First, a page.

“I’m from Canajoharie, the others from Albany and Catskill,” a women said when I saw her with two friends on Boreas Ponds last week.
“We met through the Facebook page ‘Paddling in the Adirondacks’ and we’ve been going on trips together ever since,” she said, “often driving hours, as we did today.”
These three middle-age women in their colorful kayaks were among the twenty or so paddlers I saw on the a trip to Boreas Ponds on a partly sunny, 60-degree Fall day.
There were many Hornbecks, other kayaks, two tandem canoes, and a guideboat on the water that day. Wheeling or carrying that guideboat for the .8 miles must have been quite a job, as they weigh around 60 or 70 pounds. At the age of 80, I knew I could’t handle my 15-pound Hornbeck, even with wheels, so I talked my 82-year-old friend Monique Weston in joining me in hiring Cloudsplitter Outfitters in Newcomb to schlep our two Hornbecks. Not only did Dave Olbert, the co-owner, help with our boats, he provided tidbits of history of the ponds and the area, as he was a teacher in the local schools and spent his childhood at the Upper Works, before the town of Adirondack was moved to Newcomb.
At the put-in to the ponds, I was surprised to see a woman carrying a Spitfire boat. I also own this model made by Placid Boatworks and know it weighs around 24 pounds. She wasn’t even using wheels. “I didn’t mean to carry it the whole way,” said this 64-year-old woman. “I wanted to put-in and paddle for a while on LaBier Flow as I heard that could shorten the carry.” What she did not know was that the put-in for LaBier Flow is earlier, alongside the road at the dam. The takeout is where she thought was the beginning. Two men we saw at the start of our trip had made the same mistake. More prominent signs to show this alternate route would be helpful.
The Spitfire woman was from Burlington, Vermont, as was a man we met later. A woman from Keeseville rode by on her horse.
Boreas Ponds was on Monique’s bucket list. And mine two, even though I had been there years ago with the Nature Conservancy. I wanted to paddle in my solo canoe, alone, to explore the open waters and the shoreline. I basked in the middle of the ponds overcome and inspired by the expanse of the soaring mountains in the distance. Many people have photographed these ponds and mountains, wrote about their experiences, but none can do justice to the awe that overcame me. The scene was more spectacular than I remembered. Monique couldn’t wait to get home to paint the scenes.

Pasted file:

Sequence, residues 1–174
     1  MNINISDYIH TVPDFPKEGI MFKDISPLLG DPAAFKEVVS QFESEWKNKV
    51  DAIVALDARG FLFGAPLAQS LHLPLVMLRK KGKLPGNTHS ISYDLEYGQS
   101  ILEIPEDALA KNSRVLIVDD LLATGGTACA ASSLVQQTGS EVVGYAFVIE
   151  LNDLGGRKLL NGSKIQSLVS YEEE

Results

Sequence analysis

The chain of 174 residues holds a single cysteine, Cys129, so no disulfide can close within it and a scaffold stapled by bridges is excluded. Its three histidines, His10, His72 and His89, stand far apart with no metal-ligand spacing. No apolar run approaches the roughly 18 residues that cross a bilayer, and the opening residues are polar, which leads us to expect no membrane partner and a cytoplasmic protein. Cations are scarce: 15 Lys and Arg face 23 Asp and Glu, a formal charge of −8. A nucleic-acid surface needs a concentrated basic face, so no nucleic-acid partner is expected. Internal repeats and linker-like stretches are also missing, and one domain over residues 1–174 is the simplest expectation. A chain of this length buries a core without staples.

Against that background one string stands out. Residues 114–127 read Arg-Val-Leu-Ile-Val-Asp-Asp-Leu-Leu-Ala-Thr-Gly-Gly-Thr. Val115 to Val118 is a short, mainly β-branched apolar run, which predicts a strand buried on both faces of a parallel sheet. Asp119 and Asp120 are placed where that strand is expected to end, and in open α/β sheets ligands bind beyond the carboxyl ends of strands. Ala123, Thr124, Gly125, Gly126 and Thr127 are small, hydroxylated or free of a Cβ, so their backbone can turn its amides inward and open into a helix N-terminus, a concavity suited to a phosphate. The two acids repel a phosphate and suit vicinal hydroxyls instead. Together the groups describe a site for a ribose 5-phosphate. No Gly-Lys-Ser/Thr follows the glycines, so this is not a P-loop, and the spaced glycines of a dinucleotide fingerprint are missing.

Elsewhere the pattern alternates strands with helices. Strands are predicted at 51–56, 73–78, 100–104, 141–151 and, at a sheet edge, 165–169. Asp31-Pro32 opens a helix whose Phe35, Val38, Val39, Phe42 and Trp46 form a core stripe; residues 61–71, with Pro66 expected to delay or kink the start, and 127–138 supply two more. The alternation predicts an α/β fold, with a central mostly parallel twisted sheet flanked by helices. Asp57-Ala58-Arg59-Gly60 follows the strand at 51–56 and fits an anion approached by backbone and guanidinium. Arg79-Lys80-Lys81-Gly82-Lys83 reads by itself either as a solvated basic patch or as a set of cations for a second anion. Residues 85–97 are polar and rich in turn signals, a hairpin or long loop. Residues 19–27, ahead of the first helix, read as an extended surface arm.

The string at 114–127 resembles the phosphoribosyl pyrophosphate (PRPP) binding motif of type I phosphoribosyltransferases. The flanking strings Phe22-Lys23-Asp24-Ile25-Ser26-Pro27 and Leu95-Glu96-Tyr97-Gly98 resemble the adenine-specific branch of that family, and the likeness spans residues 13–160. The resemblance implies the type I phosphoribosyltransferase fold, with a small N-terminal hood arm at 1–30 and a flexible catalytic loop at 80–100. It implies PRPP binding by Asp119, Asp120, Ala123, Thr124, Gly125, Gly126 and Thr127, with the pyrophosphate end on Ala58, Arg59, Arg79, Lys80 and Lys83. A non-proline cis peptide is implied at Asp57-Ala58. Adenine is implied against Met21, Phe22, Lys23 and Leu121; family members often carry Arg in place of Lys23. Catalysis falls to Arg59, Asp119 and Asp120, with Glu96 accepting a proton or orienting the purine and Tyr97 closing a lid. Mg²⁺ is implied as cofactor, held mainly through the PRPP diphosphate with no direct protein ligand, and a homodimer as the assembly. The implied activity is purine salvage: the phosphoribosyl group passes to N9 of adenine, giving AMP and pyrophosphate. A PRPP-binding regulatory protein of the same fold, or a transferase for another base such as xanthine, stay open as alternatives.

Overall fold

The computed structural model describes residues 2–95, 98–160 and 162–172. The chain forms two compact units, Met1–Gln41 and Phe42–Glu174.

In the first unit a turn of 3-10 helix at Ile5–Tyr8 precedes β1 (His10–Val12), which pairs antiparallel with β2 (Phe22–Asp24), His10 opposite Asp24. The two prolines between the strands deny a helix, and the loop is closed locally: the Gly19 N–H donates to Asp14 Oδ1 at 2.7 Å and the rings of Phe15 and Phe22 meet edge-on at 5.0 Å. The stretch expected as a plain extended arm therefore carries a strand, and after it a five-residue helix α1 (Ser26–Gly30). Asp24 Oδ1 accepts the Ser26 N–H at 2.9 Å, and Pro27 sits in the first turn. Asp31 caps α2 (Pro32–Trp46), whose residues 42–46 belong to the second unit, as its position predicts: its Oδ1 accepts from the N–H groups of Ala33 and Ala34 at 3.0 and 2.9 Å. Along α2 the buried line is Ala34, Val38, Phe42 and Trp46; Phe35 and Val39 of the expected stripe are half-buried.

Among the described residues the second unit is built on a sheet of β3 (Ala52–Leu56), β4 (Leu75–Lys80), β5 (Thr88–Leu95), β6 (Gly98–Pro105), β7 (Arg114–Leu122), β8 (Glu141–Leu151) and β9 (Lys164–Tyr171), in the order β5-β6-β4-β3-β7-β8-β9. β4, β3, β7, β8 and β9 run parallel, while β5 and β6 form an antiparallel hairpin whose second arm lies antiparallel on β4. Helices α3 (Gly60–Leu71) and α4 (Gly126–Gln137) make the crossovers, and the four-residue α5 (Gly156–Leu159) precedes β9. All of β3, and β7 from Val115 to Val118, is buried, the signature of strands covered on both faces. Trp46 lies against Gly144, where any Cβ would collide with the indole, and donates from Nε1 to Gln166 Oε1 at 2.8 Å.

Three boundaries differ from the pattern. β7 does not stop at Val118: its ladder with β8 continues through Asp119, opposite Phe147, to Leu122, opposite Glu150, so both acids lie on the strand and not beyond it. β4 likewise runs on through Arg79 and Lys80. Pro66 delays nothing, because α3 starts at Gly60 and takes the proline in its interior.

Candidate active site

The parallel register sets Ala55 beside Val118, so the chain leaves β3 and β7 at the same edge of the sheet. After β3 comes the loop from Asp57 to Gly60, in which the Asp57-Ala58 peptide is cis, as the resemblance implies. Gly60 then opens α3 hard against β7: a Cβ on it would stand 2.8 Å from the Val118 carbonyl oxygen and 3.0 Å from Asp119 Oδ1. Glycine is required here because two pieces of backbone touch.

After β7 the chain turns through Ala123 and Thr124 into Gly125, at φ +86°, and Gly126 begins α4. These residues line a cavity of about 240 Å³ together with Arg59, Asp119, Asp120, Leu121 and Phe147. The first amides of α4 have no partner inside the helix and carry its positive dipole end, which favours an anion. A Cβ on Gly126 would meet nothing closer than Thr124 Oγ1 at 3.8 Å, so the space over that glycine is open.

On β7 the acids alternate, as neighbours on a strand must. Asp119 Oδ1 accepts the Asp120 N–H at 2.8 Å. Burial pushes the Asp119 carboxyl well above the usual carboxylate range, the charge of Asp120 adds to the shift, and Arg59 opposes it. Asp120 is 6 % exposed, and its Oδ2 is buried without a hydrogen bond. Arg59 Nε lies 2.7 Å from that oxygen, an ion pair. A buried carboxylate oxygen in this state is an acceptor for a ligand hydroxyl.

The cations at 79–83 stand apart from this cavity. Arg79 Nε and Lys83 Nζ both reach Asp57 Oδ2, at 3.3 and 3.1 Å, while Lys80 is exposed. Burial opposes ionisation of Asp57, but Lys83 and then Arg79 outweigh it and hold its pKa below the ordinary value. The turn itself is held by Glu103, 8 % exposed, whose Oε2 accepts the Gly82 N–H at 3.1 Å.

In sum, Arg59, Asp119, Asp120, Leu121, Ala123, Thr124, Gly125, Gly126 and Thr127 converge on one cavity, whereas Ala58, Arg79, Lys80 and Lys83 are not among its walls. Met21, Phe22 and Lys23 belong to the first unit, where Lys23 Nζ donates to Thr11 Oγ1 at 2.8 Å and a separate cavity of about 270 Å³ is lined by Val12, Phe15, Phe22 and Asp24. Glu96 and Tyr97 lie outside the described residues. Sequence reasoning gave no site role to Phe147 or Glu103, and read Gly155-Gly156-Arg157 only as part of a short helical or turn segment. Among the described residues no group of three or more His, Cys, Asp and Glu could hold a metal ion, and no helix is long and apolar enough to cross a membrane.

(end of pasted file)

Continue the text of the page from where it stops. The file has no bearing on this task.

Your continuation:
The ponds are large enough to afford a feeling of solitude even with a number of people sharing the waters.
I stopped near the shore to speak with a couple from Brant Lake, each in their own Hornbecks. “Henderson Lake is my favorite, still is,” the man said, acknowledging this was the first time he’d been to Boreas. “Henderson used to me my favorite,” I said. “Now it is Boreas. Henderson second.” It’s wonderful to have choices to experience the wildness in the Adirondacks.
The small world of the Adirondacks reared its head early on as we were unloading our boats in the parking lot. A red pickup truck pulled up behind us with three kayaks jutting out the back. It was Beth and Tim Rowland from Jay, and Tim’s brother from Plattsburgh. “We just rented these kayaks from Cloudsplitter,” said Beth. “Tim is writing an article on Boreas for the Explorer.” I’ve spent lots of time with them over the last few months as they’ve been helping to edit my new book on a women’s commune in the Adirondacks.
Those of you who are regular readers of the Almanack may remember that I’ve written about how I struggled, as did others, with finding a way to provide reasonable access while maintaining a wilderness bhav. Generally these goals have been met. There are two accessible parking spots .2 miles from the pond. Others, such as myself, may not qualify for permits to these accessible spots, but still need assistance. “I’m 80 and my husband is 84. We gave up our Hornbecks last year,” a woman from Lake George told me after we arrived in the parking lot. They decided to walk the .8 miles to the dam to view the ponds.
This is a good alternative but nothing compared to being on the water. Would they have welcomed help in transporting boats to the put-in? I don’t know but assume many of limited mobility would.
This post provides a snapshot of the people who visited Boreas Ponds on a mid-October day, just a short while after it opened to the public in September 2019. We were establishing a relationship to place with minimal human impact on this Adirondack treasure. We found joy in this immersion. We honored the place.
Terry Tempest Williams, a lover of the Adirondacks, said of our national parks, “I believe we are slowly learning what it means to offer our reverence and respect to the closest thing we have to sacred lands.” We are learning that of our Adirondack Park.
Photos, from above: mountains and trees at Boreas Ponds; Dave schlepping boats with Monique; Monique and mountains at Boreas Ponds; and Dave, Tim and Beth at Boreas Ponds.